The most important next step will be as and when VW will conclude its internal investigations,” Arndt Ellinghorst, a London-based analyst for Evercore ISI, wrote in a note Monday. A program the company set up to encourage whistle-blowers expires Monday, and VW plans to present interim results of its internal inquiry in mid-December.
The carmaker is facing an emissions scandal on three fronts: cheating software it installed in about 11 million cars worldwide; irregular carbon dioxide ratings on about 800,000 vehicles in Europe; and additional questionable emissions software in about 85,000 VW, Audi and Porsche cars with 3.0-liter diesel engines in the U.S. Approval of repairs in Germany, and by extension the rest of Europe, doesn’t guarantee a thumbs-up in the U.S., where regulators first uncovered Volkswagen’s diesel deception.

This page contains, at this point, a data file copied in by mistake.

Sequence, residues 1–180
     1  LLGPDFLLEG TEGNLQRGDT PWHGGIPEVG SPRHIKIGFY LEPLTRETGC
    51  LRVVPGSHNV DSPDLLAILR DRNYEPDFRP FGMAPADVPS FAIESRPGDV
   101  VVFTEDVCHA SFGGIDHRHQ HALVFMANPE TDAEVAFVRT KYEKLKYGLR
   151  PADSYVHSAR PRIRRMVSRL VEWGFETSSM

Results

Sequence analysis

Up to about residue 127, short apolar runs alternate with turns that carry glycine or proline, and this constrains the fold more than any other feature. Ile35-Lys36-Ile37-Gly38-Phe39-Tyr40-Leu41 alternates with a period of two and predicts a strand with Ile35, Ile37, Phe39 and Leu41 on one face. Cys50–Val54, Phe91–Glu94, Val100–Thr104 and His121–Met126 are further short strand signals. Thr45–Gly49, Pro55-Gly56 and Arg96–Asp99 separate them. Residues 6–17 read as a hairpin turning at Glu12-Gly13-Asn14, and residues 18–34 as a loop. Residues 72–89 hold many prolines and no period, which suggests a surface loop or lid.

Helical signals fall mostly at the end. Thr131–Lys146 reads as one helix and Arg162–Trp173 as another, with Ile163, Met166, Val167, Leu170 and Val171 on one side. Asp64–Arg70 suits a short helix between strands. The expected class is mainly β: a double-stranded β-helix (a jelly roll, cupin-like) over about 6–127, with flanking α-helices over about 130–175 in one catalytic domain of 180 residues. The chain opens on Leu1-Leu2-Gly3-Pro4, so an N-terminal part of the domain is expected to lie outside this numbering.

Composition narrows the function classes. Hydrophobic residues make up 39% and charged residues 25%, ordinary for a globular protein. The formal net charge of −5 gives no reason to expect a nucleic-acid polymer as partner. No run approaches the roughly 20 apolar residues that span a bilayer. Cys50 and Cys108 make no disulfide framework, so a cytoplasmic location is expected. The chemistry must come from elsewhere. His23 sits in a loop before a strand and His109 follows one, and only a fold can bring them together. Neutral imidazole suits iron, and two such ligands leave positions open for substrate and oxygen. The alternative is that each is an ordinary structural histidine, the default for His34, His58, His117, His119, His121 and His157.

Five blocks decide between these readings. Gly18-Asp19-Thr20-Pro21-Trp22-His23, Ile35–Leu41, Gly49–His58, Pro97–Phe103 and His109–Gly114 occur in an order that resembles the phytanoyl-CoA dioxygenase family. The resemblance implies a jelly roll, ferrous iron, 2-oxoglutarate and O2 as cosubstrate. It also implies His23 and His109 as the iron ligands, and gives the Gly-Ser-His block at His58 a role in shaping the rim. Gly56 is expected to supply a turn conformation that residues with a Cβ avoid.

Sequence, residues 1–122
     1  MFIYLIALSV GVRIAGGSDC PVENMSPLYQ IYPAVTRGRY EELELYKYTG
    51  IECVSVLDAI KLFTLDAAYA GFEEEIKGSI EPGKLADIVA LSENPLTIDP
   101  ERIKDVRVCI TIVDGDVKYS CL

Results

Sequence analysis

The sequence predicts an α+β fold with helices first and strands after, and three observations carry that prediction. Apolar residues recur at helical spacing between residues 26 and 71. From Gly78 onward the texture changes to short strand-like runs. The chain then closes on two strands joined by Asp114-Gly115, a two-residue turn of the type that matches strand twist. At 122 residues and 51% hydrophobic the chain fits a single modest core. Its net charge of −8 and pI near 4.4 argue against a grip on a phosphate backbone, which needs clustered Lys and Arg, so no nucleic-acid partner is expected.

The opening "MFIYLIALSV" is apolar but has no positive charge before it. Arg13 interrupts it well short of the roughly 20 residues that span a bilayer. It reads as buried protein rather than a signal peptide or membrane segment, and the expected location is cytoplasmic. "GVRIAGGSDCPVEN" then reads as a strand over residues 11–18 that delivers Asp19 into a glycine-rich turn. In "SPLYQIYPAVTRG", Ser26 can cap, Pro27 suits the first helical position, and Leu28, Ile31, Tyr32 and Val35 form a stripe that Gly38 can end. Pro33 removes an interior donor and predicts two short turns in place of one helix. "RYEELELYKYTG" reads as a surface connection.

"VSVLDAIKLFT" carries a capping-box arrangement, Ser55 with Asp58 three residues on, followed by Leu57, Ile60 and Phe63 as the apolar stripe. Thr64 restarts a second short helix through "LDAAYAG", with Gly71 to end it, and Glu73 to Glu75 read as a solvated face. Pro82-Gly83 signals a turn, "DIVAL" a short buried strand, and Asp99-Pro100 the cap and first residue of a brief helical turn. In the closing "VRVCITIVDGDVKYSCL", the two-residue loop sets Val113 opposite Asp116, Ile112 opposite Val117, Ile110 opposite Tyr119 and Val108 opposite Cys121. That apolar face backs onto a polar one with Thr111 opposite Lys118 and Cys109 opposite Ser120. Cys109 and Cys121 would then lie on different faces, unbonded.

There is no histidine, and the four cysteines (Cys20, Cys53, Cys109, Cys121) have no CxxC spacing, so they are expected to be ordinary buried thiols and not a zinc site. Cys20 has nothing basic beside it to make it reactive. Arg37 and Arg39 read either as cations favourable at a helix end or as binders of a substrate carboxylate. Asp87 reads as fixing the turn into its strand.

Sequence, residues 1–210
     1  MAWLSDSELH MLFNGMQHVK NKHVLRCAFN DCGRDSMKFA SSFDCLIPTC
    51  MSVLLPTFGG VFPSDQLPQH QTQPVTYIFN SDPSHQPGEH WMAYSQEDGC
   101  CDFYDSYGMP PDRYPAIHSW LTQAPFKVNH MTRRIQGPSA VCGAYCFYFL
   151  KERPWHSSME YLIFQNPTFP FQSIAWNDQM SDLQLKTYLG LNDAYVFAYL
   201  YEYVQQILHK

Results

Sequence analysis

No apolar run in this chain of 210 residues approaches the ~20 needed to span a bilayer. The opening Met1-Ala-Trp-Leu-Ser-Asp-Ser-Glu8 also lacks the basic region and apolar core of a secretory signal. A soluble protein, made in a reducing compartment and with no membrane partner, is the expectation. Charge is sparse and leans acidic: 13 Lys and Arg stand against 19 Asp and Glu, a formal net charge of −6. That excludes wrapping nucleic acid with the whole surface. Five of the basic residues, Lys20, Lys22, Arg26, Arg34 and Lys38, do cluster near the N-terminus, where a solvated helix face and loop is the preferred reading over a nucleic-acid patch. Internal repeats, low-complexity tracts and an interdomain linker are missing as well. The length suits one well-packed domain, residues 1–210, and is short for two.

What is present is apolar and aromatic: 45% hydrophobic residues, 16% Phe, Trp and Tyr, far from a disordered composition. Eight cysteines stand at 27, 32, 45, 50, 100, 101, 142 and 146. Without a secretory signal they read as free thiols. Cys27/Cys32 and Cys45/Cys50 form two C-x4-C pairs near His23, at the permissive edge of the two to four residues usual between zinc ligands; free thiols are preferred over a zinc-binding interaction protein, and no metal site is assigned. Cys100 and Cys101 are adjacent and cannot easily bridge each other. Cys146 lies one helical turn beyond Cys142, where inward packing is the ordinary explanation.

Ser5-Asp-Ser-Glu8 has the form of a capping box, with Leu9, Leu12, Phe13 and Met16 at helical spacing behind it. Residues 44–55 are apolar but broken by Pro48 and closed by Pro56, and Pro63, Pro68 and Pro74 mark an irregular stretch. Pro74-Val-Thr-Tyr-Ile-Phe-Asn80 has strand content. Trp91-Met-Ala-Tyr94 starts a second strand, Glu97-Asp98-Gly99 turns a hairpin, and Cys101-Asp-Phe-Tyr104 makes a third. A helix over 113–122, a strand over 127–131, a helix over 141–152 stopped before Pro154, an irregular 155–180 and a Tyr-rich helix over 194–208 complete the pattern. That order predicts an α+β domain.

For the smaller diesels, the German manufacturer has submitted a plan to repair nearly half a million cars to U.S. regulators. A response is due in December. For the bigger diesels, the company plans to alter the questionable software, known as an auxiliary emissions control device, and resubmit it for approval.
Volkswagen has sustained a great deal of damage to its reputation as a result of its subterfuge in marketing “clean diesel”. The big question is how they can contain the cost of fixing it and if that can be achieved with introducing an additional filter which does not impact performance that would be very good news.
The share paused in the region of €100 from early October and a reversionary rally is now underway. A clear downward dynamic would be required to check that advance and a sustained move below €100 would be required to question medium-term scope for support building.